The issue came up for me today as I started showing a film in one of my classes after we read the novel together. The book is the 1964 Civil War novel, Across Five Aprils, that tells the story of one family’s experiences as they see sons leave for the war in rural Illinois. It received a Newbery Honor when it was first released, and has some great historical lessons. I wouldn’t say it’s a great book, but it isn’t bad.

But, then I found out there is a movie. “Great!” I thought. I can do the book and show the movie to cap the unit. One problem – the movie is terrible. I hate to criticize movies that are derived from books, but this is as much “based” on Across Five Aprils as Abraham Lincoln: Vampire Hunter is based on Ol’ Abe’s life story.

There’s a point when you are no longer telling the story the author set out in the first place or when you are telling a whole new story. That latter camp is where Across Five Aprils finds itself. The characters are weak at best, the acting reminds me of a class project I might have shot on a weekend when I was in 8th grade and the plot is convoluted. The book, while is simple at times, at least has a clear and concise plot that is easy to follow.

In other words – it is terrible.

There are always going to be differences between the source material and the movie, but finding that balance is the trick. All of the Harry Potter films toe that fine line and, I think, come away for the better. Are they the same as the books? No. But, do they work as a movie and tell much of the same story? Oh yeah. As a companion to the books, they work amazingly. They get the key plot points dead-on and don’t mess with those who have longed to see their beloved characters on screen.

Not every book can be made into an effective movie. Well, at least that’s what I thought when I read World War Z. As a direct adaptation, it would have been unmakable as a film, but tweaking the plot and giving the story a main protagonist made for a very effective movie.

I get a kick out of watching movies with my daughter after she’s read the book first. This summer we watched the two Percy Jackson movies. She polished off the PJ books back at the end of last school year and was eagerly anticipating the new movie all summer. We watched it and the entire time I got, “Well, he wasn’t supposed to look like that!” or “They didn’t do that in the book,” or “Wait…that’s not what they did in the book.”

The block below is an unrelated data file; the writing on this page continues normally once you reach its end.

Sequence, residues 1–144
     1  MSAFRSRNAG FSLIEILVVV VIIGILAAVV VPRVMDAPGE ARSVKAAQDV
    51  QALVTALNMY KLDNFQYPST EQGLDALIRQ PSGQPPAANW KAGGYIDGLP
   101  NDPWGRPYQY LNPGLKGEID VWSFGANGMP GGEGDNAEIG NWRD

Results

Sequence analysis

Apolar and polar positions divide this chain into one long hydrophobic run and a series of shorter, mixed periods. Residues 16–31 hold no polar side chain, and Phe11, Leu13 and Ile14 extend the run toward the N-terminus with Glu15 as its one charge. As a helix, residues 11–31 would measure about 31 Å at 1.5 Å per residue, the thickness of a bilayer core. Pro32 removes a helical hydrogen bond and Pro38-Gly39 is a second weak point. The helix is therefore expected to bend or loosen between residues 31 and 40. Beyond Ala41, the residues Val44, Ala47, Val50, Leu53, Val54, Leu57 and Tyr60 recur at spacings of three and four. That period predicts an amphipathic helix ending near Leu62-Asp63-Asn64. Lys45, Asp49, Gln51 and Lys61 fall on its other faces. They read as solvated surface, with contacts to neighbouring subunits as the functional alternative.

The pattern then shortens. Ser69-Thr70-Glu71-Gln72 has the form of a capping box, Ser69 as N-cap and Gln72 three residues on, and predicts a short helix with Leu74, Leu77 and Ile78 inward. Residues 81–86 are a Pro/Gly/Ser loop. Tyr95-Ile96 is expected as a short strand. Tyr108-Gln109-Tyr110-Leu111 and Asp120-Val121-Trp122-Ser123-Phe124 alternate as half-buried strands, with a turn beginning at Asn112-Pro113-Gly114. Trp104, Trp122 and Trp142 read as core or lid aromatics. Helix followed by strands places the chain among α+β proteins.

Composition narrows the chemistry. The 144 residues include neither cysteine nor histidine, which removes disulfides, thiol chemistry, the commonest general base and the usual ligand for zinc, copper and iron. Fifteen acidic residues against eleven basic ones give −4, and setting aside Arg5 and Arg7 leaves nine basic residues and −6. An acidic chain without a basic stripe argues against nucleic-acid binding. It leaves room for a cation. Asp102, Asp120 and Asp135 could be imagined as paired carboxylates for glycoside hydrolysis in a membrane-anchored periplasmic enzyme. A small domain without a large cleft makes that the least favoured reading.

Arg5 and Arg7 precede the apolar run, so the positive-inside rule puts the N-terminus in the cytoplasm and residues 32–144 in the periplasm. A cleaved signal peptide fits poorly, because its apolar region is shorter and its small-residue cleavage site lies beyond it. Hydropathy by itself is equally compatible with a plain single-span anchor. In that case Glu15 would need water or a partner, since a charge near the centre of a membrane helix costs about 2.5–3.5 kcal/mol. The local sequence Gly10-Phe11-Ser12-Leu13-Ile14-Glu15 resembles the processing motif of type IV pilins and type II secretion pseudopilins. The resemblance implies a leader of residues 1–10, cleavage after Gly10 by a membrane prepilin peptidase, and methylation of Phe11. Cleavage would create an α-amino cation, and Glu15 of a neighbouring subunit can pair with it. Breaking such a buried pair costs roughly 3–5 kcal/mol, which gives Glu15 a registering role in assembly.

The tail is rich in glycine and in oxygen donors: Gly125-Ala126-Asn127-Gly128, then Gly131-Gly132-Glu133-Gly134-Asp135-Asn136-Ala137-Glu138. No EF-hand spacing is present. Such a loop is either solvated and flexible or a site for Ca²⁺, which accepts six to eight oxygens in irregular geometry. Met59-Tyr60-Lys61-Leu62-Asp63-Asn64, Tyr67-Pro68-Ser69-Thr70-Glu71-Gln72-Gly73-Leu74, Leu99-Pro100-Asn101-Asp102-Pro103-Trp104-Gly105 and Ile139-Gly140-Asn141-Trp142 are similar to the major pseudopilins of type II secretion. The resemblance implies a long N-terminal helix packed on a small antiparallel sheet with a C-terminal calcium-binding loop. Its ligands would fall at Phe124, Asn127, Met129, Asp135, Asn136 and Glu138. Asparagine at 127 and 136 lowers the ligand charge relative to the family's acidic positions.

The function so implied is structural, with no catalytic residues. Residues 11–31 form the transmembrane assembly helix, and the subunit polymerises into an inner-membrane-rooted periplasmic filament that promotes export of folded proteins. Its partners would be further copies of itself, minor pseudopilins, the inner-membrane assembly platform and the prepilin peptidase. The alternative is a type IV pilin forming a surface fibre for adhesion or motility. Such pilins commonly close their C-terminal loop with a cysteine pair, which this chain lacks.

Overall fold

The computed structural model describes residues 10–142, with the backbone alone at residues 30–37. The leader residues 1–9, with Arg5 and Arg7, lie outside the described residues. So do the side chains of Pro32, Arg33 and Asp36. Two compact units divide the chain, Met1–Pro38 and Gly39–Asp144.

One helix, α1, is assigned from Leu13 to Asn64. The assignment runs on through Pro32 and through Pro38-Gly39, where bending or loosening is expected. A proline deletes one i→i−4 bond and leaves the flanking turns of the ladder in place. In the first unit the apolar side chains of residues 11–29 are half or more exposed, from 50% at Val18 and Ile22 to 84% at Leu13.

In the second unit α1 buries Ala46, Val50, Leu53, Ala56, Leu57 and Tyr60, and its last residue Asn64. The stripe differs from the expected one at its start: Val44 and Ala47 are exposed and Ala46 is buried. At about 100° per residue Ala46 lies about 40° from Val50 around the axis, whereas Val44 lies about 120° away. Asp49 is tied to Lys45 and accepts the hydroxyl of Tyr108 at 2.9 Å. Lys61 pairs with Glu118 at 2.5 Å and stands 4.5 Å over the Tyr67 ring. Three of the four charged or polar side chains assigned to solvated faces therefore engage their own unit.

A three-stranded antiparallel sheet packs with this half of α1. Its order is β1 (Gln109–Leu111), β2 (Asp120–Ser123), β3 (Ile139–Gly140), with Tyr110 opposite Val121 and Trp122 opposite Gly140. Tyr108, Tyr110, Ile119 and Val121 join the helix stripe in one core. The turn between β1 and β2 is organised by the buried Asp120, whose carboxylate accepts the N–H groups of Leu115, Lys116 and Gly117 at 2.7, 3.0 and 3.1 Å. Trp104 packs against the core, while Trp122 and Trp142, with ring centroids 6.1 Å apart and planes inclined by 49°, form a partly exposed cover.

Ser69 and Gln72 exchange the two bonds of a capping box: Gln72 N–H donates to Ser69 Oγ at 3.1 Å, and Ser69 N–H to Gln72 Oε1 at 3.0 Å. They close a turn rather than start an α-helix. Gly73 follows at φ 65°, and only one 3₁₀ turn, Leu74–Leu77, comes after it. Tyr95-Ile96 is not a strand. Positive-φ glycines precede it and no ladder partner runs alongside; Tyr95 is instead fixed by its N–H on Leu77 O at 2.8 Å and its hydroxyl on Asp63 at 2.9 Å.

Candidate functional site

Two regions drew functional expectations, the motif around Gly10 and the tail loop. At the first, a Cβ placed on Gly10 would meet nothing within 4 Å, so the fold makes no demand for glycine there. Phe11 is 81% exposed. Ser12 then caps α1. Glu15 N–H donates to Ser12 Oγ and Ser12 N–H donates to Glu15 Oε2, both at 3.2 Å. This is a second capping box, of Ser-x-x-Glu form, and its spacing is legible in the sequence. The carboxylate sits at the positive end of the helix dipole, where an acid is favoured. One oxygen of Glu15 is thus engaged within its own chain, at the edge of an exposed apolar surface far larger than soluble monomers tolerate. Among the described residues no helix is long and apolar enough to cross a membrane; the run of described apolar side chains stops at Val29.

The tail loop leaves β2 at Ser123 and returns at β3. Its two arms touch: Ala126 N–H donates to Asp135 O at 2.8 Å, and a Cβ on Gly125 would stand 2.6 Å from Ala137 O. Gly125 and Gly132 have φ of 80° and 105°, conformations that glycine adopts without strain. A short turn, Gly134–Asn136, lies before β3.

At a certain point we all need to step back and separate books from their movie adaptations, but filmmakers also need to sometimes do a better job of recognizing if the source material is better than the stuff they are filming.

 

My TBR Pile (I’m working on it!)

Standard

I try to read a lot. I love to read, but here is a problem. When you also write a lot, it leaves you less time to read. I do have a healthy TBR pile built up (of which, these 8 are just the start). When I polish one off, I promise a review.

Books on by TBR (To Be Read) Pile:

*IN NO PARTICULAR ORDER

ImageWICK Omnibus by Michael Bunker – This man is quickly becoming a name to be reckoned with in writing, and I am glad to call him my friend. His short story, Pennsylvania, has an Asimov/Heinlein tone to it that is very relatable, in spite of its “Amish Sci-fi” moniker. WICK is the book Bunker sharpened his sci-fi teeth on and I can’t wait to plunge into the post-apocalyptic tale.

Monsters by Peter Cawdron – I was recommended to Peter by Hugh Howey back some months, but I never pulled the trigger. That is, until Little Green Men a few days ago. That book is outstanding and I will recommend that to anyone interested in hard scifi. This was 99 cents at the same time I bought LGM, so I pulled the trigger on this and hope for more of the same magic from Mr. Cawdron.